0:48:32.4 MH: Yeah, I agree.

0:48:34.1 MK: The one thing that I have been super diligent about this time is I’ve taken work Slack off my phone, I’ve taken my work email off my phone, which I never normally do on holidays, lots of people do and the way I’m trying to frame it… ’cause I have this thing at the moment, especially now ’cause I haven’t had the baby yet, where I wanna poke my head in and be like, “Oh, what’s happening over… “

0:48:53.6 TW: Oh you have. Just so you know, you have had the baby. We’re in a time machine.

0:48:57.3 MK: But I just wanna poke my head in and be like, “What’s happening, what’s going on with these, what’s going on with that?” And the thing that’s stopping me from doing it is the person who’s filling my role, because she can’t take over leading the team and making her own decisions if she feels like I’m constantly checking in and the thought of how that would make her feel is the best barrier to stopping me from checking things and I actually find that’s working quite effectively. Like if you can’t force yourself not to look at stuff, then at least think about how it might be for the other person and that will make you feel really guilty and stop you from doing it. A whole kind of unhealthy work practice.

0:49:42.0 MH: Although, everybody probably still wants to meet the baby. So you can do a…

0:49:46.6 MK: Oh, definitely.

0:49:47.4 MH: So you can go and do a victory lap with the new child.

0:49:50.7 MK: Yes, that will definitely happen.

0:49:52.6 MH: Okay. We have covered a lot. Mo, thank you for being our undercover guest this episode, where we just interviewed you about your plans but it is… Let’s think about it, that’s technically something that’s gonna happen to a lot of analytics people in their career so I’m really glad we talked about it. I think you have a pretty solid plan going in and hopefully people heard something they can use for themselves too or feel some freedom or know that “Hey wow, the fact that I’m expected to do all this on vacation means I’m in a terrible job and I should find another one.” Which probably means it’s easy to find a job so go do it. Alright.

0:50:29.8 MK: Sorry Helbs. I’m just gonna add one last tip. Do different handover notes for different stakeholders. So I did handover notes that were for my manager and my very senior stakeholders and my replacement has access to those but then I also did a separate set of handover notes for her because the content of those things are very, very different. Anyway, I’ll leave it at that.

0:50:51.3 MH: That’s good. Alright. Well, we’re starting to wrap up but one thing we do like to do on the show is a last call and something we’ve found, we thought might be interesting to people, Tim, do you have a last call you wanna share?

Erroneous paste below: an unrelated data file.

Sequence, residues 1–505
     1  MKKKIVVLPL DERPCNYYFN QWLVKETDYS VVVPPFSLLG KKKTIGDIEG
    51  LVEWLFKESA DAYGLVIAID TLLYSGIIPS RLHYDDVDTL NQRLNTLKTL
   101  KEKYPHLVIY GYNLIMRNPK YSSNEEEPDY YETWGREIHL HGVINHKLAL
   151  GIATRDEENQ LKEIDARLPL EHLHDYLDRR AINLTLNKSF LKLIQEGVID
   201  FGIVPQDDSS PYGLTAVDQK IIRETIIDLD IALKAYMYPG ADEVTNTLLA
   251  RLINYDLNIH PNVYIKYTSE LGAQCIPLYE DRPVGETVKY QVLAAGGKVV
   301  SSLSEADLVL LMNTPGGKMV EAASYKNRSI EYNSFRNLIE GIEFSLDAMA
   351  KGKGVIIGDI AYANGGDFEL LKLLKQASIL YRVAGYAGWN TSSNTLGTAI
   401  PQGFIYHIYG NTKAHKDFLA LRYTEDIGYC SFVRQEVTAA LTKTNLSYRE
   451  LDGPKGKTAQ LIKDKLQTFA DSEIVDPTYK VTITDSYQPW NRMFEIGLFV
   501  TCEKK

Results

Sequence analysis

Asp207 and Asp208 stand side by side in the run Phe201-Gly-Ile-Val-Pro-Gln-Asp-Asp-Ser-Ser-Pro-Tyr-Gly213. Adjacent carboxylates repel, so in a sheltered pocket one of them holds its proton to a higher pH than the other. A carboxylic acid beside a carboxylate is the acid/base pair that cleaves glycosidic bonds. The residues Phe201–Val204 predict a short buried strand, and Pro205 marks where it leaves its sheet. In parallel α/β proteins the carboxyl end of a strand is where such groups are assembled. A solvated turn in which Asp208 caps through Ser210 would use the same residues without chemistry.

0:51:07.4 TW: I have a last call. It is completely on the nose, less analytics but I just could not do it because… So this was a podcast episode from Planet Money that came out in late January called How Desi Invented Television and it’s about Desi Arnez and basically how, largely driven by the fact that Lucy was having their first child, part of is, they sort of invented syndication because the way they negotiated shooting on film, that basically they wound up revolutionizing aspects of television.

0:51:45.7 TW: I mean, they kind of invented a three camera sitcom and some other things but the fact that they owned the film and they were able to basically say “We’re just gonna show old episodes of I Love Lucy, while we’re getting to know our new child” but it was… It’s pretty interesting about how the whole dynamics of the entire kind of Hollywood scene came out but I also got a big chuckle as I was listening to it knowing that we were about to record… That basically syndication of television was driven by Lucille Ball’s pregnancy and the fact that she and Desi Arnaz owned the past episodes and could therefore re-broadcast them.

0:52:25.0 MH: Nice.

0:52:25.5 MK: What about you Helbs, what’s your last call?

0:52:29.0 MH: Great question. I’m not sure I’ve picked one. So why don’t we go with you next, while I’m trying to figure out which one I’m gonna share?

0:52:38.4 MK: Well there’s a reason that I’m not going last today and that’s because guess what? I’m trying to switch off so I don’t have a last call.

0:52:44.7 MH: Oh, I love it and in honor of that, I’m not gonna do one either so that’s perfect. [laughter]

0:52:51.0 TW: Wow! You want me to do a couple more?

0:52:53.8 MH: Yeah, Tim, could you just do a couple honorary last calls on our behalf?

0:52:57.7 TW: So, there was a Kevin Frisch episode of the, Marketing Today podcast… No? Okay.

0:53:01.5 MH: What’s funny is, I had told him that by 10 AM this morning, I’d have all my last calls emailed to him and obviously I let him down. So I’m sorry about that Tim.

0:53:10.8 TW: I was waiting. I was like “Need to get an SLA”.

0:53:13.7 MH: Yeah, it is like, “Should I tell Josh?” [chuckle] no. Okay so you’ve been listening to this episode and you’re thinking, “Hey yes, I have things that happen to me like going on vacation or going out on leave of some kind” and so we’d love to hear your thoughts as well. That being said, we have a number of things that are happening with the podcast, with Moe being out, it’s going to affect our show. So let me tell you a little bit about that.